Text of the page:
The coach climbs through thick forests towards Mont Tremblant. I glimpse stretches of water through the trees, surrounded by houses with gardens that go down to the water’s edge.
Perfect for a summer vacation – a barbecue of elk, a moonlit dip.
Ski slopes slice through the firs reminding me how snow and ice will soon cover this land but not before yellow, red and auburn flames extinguish the summer and leave the branches bare. Except for the fir trees that will stand resolute, preparing for the snow.
I feel slightly nervous. A friend in Toronto, had asked me questions about my stay in the Laurentians north of Montreal. “It is a writing retreat, not a course,” I had insisted. “No I don’t know if there will be any other writers there. And no I don’t know whether I will cook my own food, eat with others, alone or indeed eat at all.” My friend’s face clouded over, anxious, perhaps, that I knew so little. A minimal web and social media presence had given me few clues – no reviews from other writers, just photos of people posing against brightly coloured walls at the Val David literary festival.
“It seems awfully cheap,” said my friend.
Flavia, the Romanian Canadian poet published in four languages, is there to meet me at the bus stop in Val David, an ex hippy, arty village. As we reach her house a man comes out to greet us.
“This is Per, from Copenhagen,” says Flavia. “He is a journalist.”
Per, the only other writer on retreat, lifts my case and takes it up one floor, breathing heavily. I try to insist, “No, please it has lots of books in it.” Flavia tells Per to leave the case mid way before he has a heart attack. Flavia introduces me to her two cats.
“Bully boy is a mixture of a cat and a lynx or some other forest animal. You can tell by his huge shoulders.” Bully Boy glares at me. “He doesn’t like men,” Flavia adds as if to assure me I have some chance of developing a relationship with this wild animal but no guarantee. Flavia took in Bully Boy after he kept getting into fights in the forest and limping back to Flavia, injured.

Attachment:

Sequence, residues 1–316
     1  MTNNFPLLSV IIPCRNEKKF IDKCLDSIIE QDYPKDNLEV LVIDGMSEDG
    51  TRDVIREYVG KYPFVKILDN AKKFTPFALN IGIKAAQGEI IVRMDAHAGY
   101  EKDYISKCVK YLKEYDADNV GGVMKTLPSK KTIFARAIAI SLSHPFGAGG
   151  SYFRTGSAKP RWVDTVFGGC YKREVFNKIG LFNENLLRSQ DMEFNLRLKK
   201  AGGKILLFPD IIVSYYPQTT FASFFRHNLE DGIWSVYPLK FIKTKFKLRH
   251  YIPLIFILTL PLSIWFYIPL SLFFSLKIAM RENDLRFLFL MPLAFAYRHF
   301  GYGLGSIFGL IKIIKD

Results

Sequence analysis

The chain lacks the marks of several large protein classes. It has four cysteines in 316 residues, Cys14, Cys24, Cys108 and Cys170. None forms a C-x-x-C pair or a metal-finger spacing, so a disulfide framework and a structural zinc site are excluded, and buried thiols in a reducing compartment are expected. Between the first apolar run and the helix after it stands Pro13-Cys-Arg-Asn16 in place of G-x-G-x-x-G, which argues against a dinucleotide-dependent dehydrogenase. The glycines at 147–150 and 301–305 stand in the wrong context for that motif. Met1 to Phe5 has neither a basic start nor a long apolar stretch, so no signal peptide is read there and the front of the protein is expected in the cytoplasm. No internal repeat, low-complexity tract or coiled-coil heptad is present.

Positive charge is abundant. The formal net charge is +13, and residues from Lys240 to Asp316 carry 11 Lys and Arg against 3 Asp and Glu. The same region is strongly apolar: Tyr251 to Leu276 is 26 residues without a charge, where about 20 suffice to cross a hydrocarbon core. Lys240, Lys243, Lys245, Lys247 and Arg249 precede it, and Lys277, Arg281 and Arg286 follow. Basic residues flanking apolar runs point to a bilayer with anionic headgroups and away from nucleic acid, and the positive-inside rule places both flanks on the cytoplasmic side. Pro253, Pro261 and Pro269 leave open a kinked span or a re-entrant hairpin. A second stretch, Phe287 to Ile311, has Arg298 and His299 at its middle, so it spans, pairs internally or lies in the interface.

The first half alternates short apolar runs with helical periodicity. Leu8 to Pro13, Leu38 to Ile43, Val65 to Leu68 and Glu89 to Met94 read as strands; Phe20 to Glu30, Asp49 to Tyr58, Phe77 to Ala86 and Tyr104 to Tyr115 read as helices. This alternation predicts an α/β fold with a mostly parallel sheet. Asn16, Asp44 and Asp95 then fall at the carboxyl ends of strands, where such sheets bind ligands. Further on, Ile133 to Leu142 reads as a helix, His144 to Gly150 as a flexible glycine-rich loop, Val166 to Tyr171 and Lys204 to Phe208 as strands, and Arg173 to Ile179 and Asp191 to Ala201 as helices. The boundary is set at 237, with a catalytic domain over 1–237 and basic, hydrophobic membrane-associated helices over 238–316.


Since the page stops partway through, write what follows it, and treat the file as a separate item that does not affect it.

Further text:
She took in the other cat, Incarnation, only after she had proved she was the incarnation of her beloved, previous cat, Felix.
Neither Incarnation nor Bully Boy is allowed out of the house for fear they will be eaten by wild animals in the forest.
We move to the terrace – pots filled with trailing chillies, geraniums and even a vine.
“ I asked the builders not to cut down any more trees than necessary,” says Flavia as we look out at the encroaching firs. “I don’t see the point of cutting down the forest to make lawns. You might as well live in the suburbs.” She sweeps her arm towards the neighbours’ despised, manicured gardens. “There are lots of wild animals in the forest- deer, lynx, marmots, bears,” she continues. “Bears?” I ask. “Only 6 deaths in the area since 1936.” So precise, so informed. Flavia instructs me in the rules of the house. “We eat every night at 6 pm. I do the cooking, you and Per do the washing up and we share the cost of the shopping. Fair?” “Very fair,” I reply.
I take up my belongings bit by bit, as instructed by my host, settle into my bright yellow room under the rafters and venture out onto the tiny terrace from where I can almost touch the surrounding forest.
At six pm I go down to supper.
“Fish soup,” says Flavia. “Per’s father was a fisherman in Denmark,” she adds as if to explain why this version of fish soup has a great big fish’s head staring up at me from the pot, swilling around amongst the vegetables. I manoeuvre the ladle around the fish head, picking out the cauliflower and the carrots under the watchful eye of the fish and Bully Boy, who I now recognise as Behemoth, Bulgakov’s cat. As a city girl I am a little daunted by this onslaught of nature.